Aged 63, nurse Chandy, who completed 40 years of service this year, was honored by Ajman Police and the heart-warming gesture made her shed tears of joy.

“It really surprised me,” said nurse Chandy. “This is the first time in my life that that I am awarded.”

Chandy arrived in Abu Dhabi in 1976 when she travelled from her home in Kerala, India. Her father, who was working in Abu Dhabi, brought her there soon after she finished her nursing course in Delhi. After an interview in Abu Dhabi, she took a position as a maternity nurse in the Ajman Medical District, in an 8-bed maternity hospital operated out of a villa. Later, she moved to Al Zahra Hospital and then to Shaikh Khalifa Hospital, where she is working now.

Chandy stayed in a hostel for the first four years. She got married in 1980 and then moved to Dubai with her husband. In 1986, they moved back to Ajman so they were closer to the hospital.

Chandy is scheduled to retire next year. “I love UAE, I feel I am a part of this country and have witnessed the growth of Ajman Medical District,” says Chandy.

“Maternity nurses take great pride in bringing new life into the world every day. We are proud that our care helps families move past fear and anxiety to experience the excitement and joy of this special time,” she said. But for now, Chandy is happy and satisfied with her job.

Edith Cavell

Edith Cavell was a vicar's daughter. She was also the English matron of a teaching hospital and an influential pioneer of modern nursing in Belgium.

When World War I broke out, she was visiting her mother in England. She went back to Belgium quickly, though, because she felt her nursing skills would be needed more than ever in the occupied country of Belgium. She could have simply stayed safely in England.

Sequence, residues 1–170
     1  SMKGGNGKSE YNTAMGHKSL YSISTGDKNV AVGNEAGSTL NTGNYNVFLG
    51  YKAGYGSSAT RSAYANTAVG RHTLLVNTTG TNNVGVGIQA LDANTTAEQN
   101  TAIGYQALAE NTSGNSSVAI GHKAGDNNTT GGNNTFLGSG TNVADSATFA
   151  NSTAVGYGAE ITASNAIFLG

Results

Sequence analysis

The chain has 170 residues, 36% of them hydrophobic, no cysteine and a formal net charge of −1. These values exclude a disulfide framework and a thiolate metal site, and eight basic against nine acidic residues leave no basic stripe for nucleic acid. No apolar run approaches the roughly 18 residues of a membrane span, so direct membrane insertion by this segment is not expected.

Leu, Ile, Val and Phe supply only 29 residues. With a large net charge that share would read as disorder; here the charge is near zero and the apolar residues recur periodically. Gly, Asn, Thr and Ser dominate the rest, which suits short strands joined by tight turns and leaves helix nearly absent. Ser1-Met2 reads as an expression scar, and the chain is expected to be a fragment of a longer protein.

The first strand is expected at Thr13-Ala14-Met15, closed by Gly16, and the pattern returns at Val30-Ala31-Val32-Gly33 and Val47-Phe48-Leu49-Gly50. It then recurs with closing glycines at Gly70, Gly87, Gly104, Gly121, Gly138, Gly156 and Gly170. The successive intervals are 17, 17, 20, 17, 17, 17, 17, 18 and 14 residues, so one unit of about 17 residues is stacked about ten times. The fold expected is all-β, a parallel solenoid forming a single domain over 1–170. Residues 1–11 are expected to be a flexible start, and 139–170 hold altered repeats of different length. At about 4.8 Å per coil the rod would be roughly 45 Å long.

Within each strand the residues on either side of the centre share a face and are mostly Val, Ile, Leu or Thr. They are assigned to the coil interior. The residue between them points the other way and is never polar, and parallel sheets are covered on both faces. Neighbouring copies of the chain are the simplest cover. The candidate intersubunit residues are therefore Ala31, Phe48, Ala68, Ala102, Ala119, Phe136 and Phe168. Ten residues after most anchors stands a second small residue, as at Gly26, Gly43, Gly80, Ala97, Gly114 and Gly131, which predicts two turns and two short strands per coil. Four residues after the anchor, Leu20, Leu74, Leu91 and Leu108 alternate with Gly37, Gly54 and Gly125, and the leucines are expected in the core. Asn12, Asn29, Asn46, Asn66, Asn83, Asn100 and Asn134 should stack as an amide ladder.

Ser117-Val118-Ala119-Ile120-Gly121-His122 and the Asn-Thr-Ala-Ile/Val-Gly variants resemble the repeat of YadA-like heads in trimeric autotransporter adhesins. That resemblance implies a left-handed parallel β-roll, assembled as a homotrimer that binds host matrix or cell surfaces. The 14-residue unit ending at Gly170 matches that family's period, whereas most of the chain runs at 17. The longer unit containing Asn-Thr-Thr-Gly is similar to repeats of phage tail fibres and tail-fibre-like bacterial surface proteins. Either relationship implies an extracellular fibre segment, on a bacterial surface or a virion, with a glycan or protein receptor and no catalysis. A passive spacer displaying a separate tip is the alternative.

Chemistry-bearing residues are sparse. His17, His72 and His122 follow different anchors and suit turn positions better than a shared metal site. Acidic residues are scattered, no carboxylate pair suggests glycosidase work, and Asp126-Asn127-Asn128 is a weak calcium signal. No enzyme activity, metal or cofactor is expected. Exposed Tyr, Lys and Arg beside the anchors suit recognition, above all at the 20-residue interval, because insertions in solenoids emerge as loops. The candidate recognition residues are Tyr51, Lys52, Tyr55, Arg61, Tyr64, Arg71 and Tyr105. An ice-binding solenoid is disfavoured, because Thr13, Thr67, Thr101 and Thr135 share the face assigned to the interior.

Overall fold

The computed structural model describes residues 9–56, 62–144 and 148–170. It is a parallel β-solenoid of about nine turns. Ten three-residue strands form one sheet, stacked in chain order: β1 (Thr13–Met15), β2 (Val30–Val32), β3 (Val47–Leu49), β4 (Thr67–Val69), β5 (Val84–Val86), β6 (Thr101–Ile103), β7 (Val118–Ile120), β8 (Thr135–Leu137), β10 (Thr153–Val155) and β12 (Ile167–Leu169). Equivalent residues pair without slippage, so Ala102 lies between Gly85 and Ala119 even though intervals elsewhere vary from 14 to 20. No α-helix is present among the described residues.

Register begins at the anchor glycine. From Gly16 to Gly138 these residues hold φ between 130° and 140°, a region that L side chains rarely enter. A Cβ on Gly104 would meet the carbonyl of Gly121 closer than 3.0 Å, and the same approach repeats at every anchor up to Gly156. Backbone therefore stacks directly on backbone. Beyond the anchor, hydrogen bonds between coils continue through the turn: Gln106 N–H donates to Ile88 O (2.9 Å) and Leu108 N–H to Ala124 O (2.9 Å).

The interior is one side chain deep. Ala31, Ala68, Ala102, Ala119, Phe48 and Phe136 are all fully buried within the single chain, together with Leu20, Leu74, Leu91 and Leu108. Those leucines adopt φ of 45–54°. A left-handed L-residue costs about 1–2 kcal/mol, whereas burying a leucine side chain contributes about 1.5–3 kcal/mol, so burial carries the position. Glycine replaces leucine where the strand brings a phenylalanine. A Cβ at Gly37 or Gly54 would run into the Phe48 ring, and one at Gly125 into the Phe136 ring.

Edith's hospital in Belgium became a Red Cross hospital. Wounded soldiers of all nationalities were treated there. Her strong Christian beliefs motivated her to help everyone she came across that was in need – both German and Allied soldiers. She once said, "I can't stop while there are lives to be saved.”

However, when a group of wounded British soldiers, who had been cut off from their comrades, arrived, Edith had to face a difficult dilemma – if she helped the soldiers, she would put the neutrality of the Red Cross at right. It could put the people working around her in danger, too.

But if she refused to help them, they might get executed, along with any civilians who had harbored them.

Edith decided to help them despite the risks. "Had I not helped, they would have been shot", she said. Edith then agreed to join a Belgian underground movement and helped more than 200 allied soldiers escape to neutral territory.

When the network was betrayed, she was arrested, found guilty of treason and sentenced to death.

The execution was carried out by a firing squad, on October 12th, 1915, in Brussels. Edith was wearing her nurse's uniform.

She immediately became a national heroine to the British. 

However, Edith never wanted to be a martyr; to Edith the protection of hunted men was a Christian and humanitarian act for which she was prepared to face the consequences.

There are celebrated and dedicated nurses everywhere. And you don´t have to be willing to die to work with the Red Cross, of course! Any contribution can make a difference to the lives of people who may not have access a nurse´s care on a daily basis. Often, the more training you receive, the more you can help others, but we support you at whatever level you are. Please don´t hesitate to get in touch if you´d like us to support you with a winning personal statement of purpose.